The efficacy of the TIGERTRIEVER 13 in distal thrombectomy led us to attempt its use for the removal of migrated embolic agent in distal branches. In the three patients reported in this study, we successfully employed the new stent retriever, TIGERTRIEVER 13, to extract the dislodged embolic material in small arterial branches in different arterial vasculatures. The TIGERTRIEVER 13 provided the following technical advantages during distal embolic material removal. First, the new stent retriever could be deployed in a microcatheter with a small outer diameter of 1.3 F which allowed not only access to small vessels but also the ability to navigate alongside and beyond the migrated embolic agent in order to deploy the stentriever in front of the embolus. Second, the degree of expansion of the stentriever can be controlled with the dedicated handle. Therefore, the TIGERTRIEVER 13 can be expanded without pushing or pulling on the device as with conventional stentrievers and an expansion can be obtained in a reliable way. To avoid hemorrhage caused by excessive friction and increased force during retraction, we chose to partially close the TIGERTRIEVER 13 before retrieving it. Care must be taken to avoid complete collapse of the device that may free the embolus again. The TIGERTRIEVER 13 appeared to be equally effective in retrieving different embolic agents, PHIL or Onyx, which have different consistencies.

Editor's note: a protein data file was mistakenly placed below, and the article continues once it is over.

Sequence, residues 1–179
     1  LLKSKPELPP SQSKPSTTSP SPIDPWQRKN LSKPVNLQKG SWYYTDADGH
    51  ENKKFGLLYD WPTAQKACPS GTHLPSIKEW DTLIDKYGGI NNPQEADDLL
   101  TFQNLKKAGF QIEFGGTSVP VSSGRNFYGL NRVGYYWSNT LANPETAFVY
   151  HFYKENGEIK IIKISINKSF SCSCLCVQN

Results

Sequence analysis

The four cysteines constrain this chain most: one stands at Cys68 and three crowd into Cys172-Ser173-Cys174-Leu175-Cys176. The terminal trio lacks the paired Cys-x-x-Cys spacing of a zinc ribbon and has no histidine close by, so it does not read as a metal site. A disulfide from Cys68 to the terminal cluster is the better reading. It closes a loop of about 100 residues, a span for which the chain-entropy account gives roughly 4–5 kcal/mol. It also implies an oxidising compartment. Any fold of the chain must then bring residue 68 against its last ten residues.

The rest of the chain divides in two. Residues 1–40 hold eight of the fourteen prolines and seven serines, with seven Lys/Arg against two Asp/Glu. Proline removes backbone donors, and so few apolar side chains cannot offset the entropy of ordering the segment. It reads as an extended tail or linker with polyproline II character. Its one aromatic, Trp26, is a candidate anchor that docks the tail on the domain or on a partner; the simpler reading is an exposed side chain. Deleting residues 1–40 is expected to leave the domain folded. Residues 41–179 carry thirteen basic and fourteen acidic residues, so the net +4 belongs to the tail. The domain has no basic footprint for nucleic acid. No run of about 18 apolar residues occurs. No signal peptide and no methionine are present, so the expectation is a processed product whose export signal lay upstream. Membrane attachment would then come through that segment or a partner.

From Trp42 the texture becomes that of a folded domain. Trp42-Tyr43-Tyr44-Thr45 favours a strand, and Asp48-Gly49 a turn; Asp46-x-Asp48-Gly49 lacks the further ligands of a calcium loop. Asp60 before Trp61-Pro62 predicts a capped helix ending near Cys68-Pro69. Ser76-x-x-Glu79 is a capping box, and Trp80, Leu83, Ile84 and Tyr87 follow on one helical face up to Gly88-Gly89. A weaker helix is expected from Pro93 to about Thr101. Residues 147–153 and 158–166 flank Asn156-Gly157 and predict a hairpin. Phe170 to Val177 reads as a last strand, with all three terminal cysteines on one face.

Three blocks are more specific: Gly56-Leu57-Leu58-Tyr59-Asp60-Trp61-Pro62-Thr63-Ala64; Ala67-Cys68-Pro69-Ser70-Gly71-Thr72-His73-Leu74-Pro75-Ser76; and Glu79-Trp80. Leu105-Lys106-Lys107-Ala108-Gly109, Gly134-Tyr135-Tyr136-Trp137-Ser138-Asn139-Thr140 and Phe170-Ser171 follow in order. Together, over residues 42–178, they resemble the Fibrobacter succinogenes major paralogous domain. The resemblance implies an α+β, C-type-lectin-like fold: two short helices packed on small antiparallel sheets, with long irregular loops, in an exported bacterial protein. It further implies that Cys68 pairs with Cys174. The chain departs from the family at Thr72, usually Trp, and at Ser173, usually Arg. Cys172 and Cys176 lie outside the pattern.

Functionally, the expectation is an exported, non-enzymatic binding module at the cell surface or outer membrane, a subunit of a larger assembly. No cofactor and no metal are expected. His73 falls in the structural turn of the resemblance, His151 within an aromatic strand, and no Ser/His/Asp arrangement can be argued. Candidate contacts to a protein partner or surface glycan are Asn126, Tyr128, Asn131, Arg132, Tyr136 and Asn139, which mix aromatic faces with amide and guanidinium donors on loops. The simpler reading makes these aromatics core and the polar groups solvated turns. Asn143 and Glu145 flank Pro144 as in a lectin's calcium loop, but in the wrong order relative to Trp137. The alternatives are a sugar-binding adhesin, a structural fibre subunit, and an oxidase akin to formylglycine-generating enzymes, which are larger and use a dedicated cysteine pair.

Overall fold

It may be argued is it worth retrieving a small embolus in a distal artery. The added potential hemorrhagic risk must be balanced with the expected clinical impact. These may vary significantly with the functionality of the territory and degree of hypoperfusion according to the anastomosis. In all reported patients, the decision to remove the embolus was taken after progressive reduction of flow, as seen on fluoroscopy within a waiting period of 20 min.

To bring the Headway Duo microcatheter beyond the migrated embolic agent in the distal brain vessels, we used the smallest microcatheter compatible with the TIGERTRIEVER 13 in combination with an atraumatic wire, such a Traxcess (Microvention) or a Hybrid 7 (Balt). The wire itself was navigated as much as possible in a J shape in order to reduce the risk of perforation of a side branch. The microcatheter was brought 2 cm beyond the migrated embolic agent to avoid pushing onto the TIGERTRIEVER 13 when unsheathing it from the microcatheter. After progressively expanding the TIGERTRIEVER 13, it was contracted again and further reopened three times before partial contraction and slow extraction


Distal migrated embolic agents in various vascular territories may be retrieved using new generation stentrievers.



  • Contributors FLYH prepared the manuscript while RC provided important intellectual support. Both authors agreed on the final manuscript.

  • Funding The authors have not declared a specific grant for this research from any funding agency in the public, commercial, or not-for-profit sectors.

  • Competing interests None declared.

  • Patient consent for publication Not required.

  • Provenance and peer review Not commissioned; externally peer reviewed.